Alberta Premier Danielle Smith says she will no longer speak about her involvement in how COVID-19 court cases are being prosecuted.

Smith says her United Conservative Party government is considering a defamation lawsuit and, because of that, she has been advised by counsel not to comment.

A notice of defamation letter dated Sunday says lawyers for the premier want the CBC to retract and apologize for its story in January that stated a member of her staff sent emails to the Alberta Crown Prosecution Service challenging how it was handling cases from COVID-19 protests at the United States-Canada border crossing at Coutts, Alta.

The CBC repeated Monday that it stands by its reporting.

“I have been clear that neither I, nor anyone within my staff, have contacted any Crown prosecutors as has been alleged. Indeed, Alberta's Crown Prosecution Service has confirmed this to be true. To continue saying or suggesting otherwise is malicious," Smith said Monday at a news conference in Calgary.

“As this matter is now likely to be subject of legal defamation proceedings, I will not be commenting about it further as per the advice of counsel.”

The news conference was the first opportunity for reporters to ask Smith about a leaked cellphone recording played released last week by the Opposition NDP.

In the 11-minute recording, estimated to have taken place in early January, Smith is heard offering to help Calgary pastor Artur Pawlowski in his criminal case related to his involvement with the Coutts blockade in early 2022.

The premier is also heard telling Pawlowski that the charges against him were based on political motives and she commiserates with him over Crown prosecutor tactics.

#Alberta premier @ABDanielleSmith says she will no longer comment on Crown prosecutor controversy. #ABPoli #Ableg

On Monday, reporters asked Smith about what role justice officials had in the call, what effect her comments on trial tactics may have had and whether, as premier, she has contacted other accused to discuss their cases while those cases were before the courts.

Smith repeated variations of the same answer she gave in statements last week — that she was acting within the scope of her job and on the advice of justice officials.

Smith’s office has declined to clarify whether the details of Smith’s call were relayed to the prosecutor in the Pawlowski case before his trial in early February.

Opposition NDP justice critic Irfan Sabir said Smith is ducking responsibility and public accountability by hiding behind the threat of a lawsuit.

He said the premier abused the power of her office in Pawlowski's case. Sabir renewed his call for an independent investigation.

“She is the one who said she is dissatisfied with Crown practices in Artur Pawlowski’s case,” Sabir said.

“She should come out of hiding. She should answer media questions. She should answer Albertans."

Pawlowski went on trial in Lethbridge, Alta., on charges of breaching a release order and mischief for allegedly inciting people to block public property at the border crossing. He is also charged under the Alberta Critical Infrastructure Defence Act with wilfully damaging or destroying essential infrastructure.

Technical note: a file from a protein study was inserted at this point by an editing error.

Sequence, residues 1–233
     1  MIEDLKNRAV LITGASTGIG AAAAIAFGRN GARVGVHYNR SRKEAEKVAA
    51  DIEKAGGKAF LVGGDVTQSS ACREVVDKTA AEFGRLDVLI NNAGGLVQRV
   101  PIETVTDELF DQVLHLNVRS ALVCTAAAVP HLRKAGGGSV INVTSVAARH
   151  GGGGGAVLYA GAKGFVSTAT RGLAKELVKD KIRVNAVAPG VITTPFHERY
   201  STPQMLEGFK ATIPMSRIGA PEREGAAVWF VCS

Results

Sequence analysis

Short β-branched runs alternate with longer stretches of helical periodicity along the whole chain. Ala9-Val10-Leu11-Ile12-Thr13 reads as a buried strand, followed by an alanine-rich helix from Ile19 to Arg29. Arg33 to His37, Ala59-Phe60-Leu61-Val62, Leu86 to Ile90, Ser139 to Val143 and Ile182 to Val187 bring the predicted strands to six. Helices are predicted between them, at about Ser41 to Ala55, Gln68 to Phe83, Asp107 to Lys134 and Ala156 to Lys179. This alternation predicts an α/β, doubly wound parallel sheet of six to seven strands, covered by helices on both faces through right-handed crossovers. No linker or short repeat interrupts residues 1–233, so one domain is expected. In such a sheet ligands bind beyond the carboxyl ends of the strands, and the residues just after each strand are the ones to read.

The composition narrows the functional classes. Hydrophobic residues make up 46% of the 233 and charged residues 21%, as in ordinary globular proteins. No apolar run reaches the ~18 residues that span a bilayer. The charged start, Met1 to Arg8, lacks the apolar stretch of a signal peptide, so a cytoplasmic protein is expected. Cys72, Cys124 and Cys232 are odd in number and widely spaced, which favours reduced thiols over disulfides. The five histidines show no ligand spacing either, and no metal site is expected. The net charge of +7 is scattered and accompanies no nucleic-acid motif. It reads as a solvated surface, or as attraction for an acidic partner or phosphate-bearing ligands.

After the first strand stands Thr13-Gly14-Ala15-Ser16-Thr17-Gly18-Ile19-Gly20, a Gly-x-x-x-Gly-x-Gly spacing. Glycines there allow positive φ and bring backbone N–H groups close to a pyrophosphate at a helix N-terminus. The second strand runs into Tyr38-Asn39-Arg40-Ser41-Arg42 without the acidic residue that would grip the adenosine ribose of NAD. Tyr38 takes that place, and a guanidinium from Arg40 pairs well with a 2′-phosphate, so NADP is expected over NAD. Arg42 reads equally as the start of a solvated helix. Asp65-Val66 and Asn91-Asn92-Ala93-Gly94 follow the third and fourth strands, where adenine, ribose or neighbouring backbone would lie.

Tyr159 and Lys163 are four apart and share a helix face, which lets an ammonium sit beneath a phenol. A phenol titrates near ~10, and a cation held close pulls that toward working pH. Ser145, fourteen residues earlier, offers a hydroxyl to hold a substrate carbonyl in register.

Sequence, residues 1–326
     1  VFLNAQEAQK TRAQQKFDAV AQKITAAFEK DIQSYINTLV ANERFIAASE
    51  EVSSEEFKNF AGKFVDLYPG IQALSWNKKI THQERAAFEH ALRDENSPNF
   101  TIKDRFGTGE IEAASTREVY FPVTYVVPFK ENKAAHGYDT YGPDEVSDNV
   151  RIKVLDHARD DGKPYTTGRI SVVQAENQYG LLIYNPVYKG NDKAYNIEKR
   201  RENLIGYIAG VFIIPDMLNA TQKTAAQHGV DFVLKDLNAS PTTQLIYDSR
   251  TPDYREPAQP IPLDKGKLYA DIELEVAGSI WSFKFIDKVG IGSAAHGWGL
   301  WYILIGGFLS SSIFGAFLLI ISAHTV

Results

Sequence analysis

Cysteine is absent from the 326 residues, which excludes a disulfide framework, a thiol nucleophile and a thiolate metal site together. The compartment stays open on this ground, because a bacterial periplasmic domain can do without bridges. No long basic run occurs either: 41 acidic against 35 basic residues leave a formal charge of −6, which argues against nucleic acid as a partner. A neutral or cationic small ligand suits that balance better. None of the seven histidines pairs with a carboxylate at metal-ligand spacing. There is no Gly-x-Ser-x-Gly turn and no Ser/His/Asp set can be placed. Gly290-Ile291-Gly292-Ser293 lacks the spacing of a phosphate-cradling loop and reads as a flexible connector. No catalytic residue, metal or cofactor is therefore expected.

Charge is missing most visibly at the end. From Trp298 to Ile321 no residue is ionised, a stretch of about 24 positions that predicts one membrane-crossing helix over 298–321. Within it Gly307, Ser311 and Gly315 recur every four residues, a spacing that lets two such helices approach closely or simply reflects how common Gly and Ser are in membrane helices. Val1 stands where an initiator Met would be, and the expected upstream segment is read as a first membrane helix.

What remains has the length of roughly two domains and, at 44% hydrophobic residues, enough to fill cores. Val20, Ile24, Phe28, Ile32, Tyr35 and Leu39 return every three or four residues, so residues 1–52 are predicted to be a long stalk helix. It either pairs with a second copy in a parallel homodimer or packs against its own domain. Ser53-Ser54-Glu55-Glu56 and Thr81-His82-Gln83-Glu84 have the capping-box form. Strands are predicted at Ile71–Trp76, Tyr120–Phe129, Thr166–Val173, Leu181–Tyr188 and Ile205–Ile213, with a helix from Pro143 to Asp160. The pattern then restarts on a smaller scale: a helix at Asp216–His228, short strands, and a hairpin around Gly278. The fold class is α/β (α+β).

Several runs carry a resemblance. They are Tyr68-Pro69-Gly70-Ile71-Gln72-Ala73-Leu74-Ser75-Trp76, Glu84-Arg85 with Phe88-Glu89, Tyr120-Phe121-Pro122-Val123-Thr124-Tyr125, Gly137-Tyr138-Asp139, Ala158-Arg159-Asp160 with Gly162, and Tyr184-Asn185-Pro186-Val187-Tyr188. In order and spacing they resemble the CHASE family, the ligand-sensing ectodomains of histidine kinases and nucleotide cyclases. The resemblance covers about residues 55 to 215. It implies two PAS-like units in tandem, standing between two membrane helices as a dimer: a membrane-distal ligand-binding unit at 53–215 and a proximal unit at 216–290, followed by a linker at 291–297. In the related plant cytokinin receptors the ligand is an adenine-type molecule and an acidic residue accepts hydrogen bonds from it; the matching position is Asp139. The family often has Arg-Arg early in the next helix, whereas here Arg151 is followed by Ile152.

The judge has yet to render a verdict.

Pawlowski’s lawyer, Sarah Miller, has declined to comment on her client's phone call with the premier, noting the matter is still before the courts.

Smith has long been critical of COVID-19 masking, gathering and vaccine mandate rules, questioning whether the measures were needed to fight the pandemic. She has called them intolerable violations of personal freedoms.

She had promised to seek to pardons for protesters of COVID-19 health restrictions. After becoming premier, she said she learned she does not have the power to grant pardons. She also publicly condemned the charges as rooted in political bias.

The controversy erupted when Smith told reporters Jan. 12 that she had abandoned seeking amnesty for people accused of violating the temporary health restrictions but was reminding Crown prosecutors that they can only pursue cases deemed winnable and in the public interest.

She later clarified that she had not talked to prosecutors directly, only through proper channels — her justice minister and deputy attorney general. The Justice Department has said Smith did not contact prosecutors directly.

The date of Smith's conversation with Pawlowski isn't known, but if she made the call before the Jan. 12 news conference, she did not tell reporters she had spoken with the accused.

She publicly admitted to the phone call three weeks later, on Feb. 9, when questioned about it at a news conference. At that time, Smith said she had advised Pawlowski that she could not offer amnesty and she had to let the court process roll out.

She did not mention then, as was later revealed in the call, that she offered to make further case-related inquiries on his behalf while telling him the charges were politically motivated and sympathizing with him when he complained the Crown was trying to spike his case and drain his wallet with a late-day “document dump."

The call was not brought up at Pawlowski’s trial.

This report by The Canadian Press was first published April 3, 2023.

By Dean Bennett in Edmonton

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